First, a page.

• What would be the long-term impact on economic growth of higher regulations on banks – that already have seen dramatic increases in regulation slowing the recovery?
  • What would be the long-term consequences on food production, housing and lifestyles of failing to address global warming?

Business leaders should be very aware of the long-term consequences of their decisions. Every time a decision is necessary, is the best effort made to obtain all the information available on the topic? Are inputs and expectations obtained from detractors, as well as admirers? Is there a balance between not only what is popular, but what will happen months into the future? Did you consider the potential reaction by customers? Employees? Suppliers? Competitors?

There are very few “perfect decisions.” All decisions have consequences. Often, there is a trade-off between the good outcomes, and the bad outcomes. But the key is to know them all, and balance the interests and outcomes. Consider the consequences, good and bad, and plan for them. Only by doing that can you avoid later saying “oops.”

Starbucks and JPMorganChase Pay Raises – Just Following Trends

Starbucks and JPMorganChase Pay Raises – Just Following Trends

This week Starbucks and JPMorganChase announced they were raising the minimum pay of many hourly employees.  For about 168,000 lowly paid employees, this is really good news.  And both companies played up the planned pay increases as benefitting not only the employees, but society at large.  The JPMC CEO, Jamie Dimon, went so far as to say this was a response to a national tragedy of low pay and insufficient skills training now being addressed by the enormous bank.

Dimon and SchultzHowever, both actions look a lot more like reacting to undeniable trends in an effort to simply keep their organizations functioning than any sort of corporate altruism.

Since 2014 there has been an undeniable trend toward raising the minimum wage, now set nationally at $7.25.  Fourteen states actually raised their minimum wage starting in 2016 (Massachusetts, California, New York, Nebraska, Connecticut, Michigan, Hawaii, Colorado, Nebraska, Vermont, West Virginia, South Dakota, Rhode Island and Alaska.)  Two other states have ongoing increases making them among the states with fastest growing minimum wages (Maryland and Minnesota.)  And there are 4 additional states that promoters of a $15 minimum wage think will likely pass within months (Illinois, New Jersey, Oregon and Washington.)  That makes 20 states raising the minimum wage, with 46.4% of the U.S. population.  And they include 5 of the largest cities in the USA that have already mandated a $15 minimum wage (New York, Washington D.C., Seattle, San Francisco and Los Angeles.)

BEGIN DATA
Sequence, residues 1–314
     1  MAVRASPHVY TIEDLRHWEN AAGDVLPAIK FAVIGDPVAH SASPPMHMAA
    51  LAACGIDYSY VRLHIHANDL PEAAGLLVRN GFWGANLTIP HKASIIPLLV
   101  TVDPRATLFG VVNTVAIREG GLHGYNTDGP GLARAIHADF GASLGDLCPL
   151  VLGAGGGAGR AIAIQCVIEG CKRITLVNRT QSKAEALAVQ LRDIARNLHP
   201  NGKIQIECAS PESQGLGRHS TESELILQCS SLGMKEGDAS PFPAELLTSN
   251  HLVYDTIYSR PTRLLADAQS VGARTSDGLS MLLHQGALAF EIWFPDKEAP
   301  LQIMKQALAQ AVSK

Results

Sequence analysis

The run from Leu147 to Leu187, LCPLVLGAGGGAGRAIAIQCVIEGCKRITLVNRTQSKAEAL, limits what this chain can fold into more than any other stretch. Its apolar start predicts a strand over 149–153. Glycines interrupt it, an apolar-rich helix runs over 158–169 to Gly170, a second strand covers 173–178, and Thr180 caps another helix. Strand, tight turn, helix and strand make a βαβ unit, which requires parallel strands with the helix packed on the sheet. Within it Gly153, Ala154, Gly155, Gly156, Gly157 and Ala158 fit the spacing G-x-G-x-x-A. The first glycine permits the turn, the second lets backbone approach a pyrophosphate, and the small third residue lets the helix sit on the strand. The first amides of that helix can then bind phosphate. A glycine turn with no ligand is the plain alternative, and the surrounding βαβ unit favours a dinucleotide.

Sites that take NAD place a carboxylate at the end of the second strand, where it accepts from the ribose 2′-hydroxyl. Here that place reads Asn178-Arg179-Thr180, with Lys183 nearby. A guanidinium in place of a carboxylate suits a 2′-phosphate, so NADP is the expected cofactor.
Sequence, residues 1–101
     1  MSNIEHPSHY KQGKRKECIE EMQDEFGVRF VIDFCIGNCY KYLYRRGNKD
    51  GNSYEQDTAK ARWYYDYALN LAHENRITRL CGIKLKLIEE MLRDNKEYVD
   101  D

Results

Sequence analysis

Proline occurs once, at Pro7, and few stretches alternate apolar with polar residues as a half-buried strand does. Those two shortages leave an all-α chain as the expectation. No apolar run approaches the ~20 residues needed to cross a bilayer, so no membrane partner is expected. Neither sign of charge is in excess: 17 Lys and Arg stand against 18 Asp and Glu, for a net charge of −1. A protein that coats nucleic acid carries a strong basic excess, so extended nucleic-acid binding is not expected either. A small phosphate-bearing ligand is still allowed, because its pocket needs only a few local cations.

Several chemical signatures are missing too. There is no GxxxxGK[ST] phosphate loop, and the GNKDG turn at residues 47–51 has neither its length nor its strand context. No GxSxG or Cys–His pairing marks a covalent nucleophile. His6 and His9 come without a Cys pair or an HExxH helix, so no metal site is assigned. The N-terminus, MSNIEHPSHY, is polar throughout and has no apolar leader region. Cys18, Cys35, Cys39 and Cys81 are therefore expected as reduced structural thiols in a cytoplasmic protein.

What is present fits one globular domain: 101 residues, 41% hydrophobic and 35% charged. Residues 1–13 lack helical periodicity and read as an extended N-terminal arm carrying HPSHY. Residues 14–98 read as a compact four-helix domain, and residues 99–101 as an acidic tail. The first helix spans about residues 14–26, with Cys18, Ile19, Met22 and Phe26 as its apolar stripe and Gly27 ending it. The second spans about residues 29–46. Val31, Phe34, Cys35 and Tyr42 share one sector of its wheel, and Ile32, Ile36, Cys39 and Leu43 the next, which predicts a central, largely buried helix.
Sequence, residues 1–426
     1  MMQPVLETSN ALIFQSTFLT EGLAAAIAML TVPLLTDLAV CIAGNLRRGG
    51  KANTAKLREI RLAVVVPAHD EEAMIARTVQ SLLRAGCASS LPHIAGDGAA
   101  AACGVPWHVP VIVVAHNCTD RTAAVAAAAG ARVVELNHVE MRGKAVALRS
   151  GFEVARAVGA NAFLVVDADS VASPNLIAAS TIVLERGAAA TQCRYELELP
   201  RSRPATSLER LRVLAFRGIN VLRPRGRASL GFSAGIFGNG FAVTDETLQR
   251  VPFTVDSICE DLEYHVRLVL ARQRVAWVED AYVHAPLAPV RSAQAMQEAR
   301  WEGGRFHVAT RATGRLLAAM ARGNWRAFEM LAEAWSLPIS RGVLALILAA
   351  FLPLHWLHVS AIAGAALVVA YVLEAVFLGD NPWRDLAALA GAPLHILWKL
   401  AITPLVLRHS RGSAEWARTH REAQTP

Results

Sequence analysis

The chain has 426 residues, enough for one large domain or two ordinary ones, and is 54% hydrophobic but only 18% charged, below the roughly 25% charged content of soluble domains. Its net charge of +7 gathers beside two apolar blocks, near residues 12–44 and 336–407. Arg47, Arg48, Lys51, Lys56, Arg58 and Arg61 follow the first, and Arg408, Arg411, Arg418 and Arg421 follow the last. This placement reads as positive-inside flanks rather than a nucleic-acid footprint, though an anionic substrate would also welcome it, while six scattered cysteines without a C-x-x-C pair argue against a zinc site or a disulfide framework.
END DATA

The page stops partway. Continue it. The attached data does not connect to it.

In other words, the minimum wage is going up.  And decisively so in heavily populated states with big cities where Starbucks and JPMC have lots of employees.  And the jigsaw puzzle of different state requirements is actually a threat to any sort of corporate compensation plan that would attempt to treat employees equally for common work. Simultaneously the unemployment rate keeps dropping – now below 5% – causing it to take longer to fill open positions than at any time in the last 15+ years.  Simply put, to meet local laws, find and retain decent employees, and have any sort of equitable compensation across regions both companies had no choice but to take action to raise the pay for these bottom-level jobs.

Starbucks pointed out that this will increase pay by 5-15% for its 150,000 employees.  But at least 8.5% of those employees had already signed a petition demanding higher pay.  Time will tell if this raise is enough to keep the stores open and the coffee hot.  However, the price increases announced the very next day will probably be more meaningful for the long term revenues and profits at Starbucks than this pay raise.

At JPMC the average pay increase is about $4.10/hour – from $10.15 to $12-$16.50/hour.  Across all 18,000 affected employees, this comes to about $153.5million of incremental cost.  Heck, the total payroll of these 18,000 employees is only $533.5M (after raises.) Let’s compare that to a few other costs at JPMC:

Wow, compared to these one-off instances, the recent pay raises seem almost immaterial.  While there is probably great sincerity on the part of these CEOs for improving the well being of their employees, and society, the money here really isn’t going to make any difference to larger issues.  For example, the JPMC CEO’s 2015 pay of $27M is about the same as 900 of these lowly paid employees.  Thus the impact on the bank’s financials, and the impact on income inequality, is — well — let’s say we have at least added one drop to the bucket.

The good news is that both companies realize they cannot fight trends.  So they are taking actions to help shore up employment.  That will serve them well competitively.  And some folks are getting a long-desired pay raise.  But neither action is going to address the real problems of income inequality.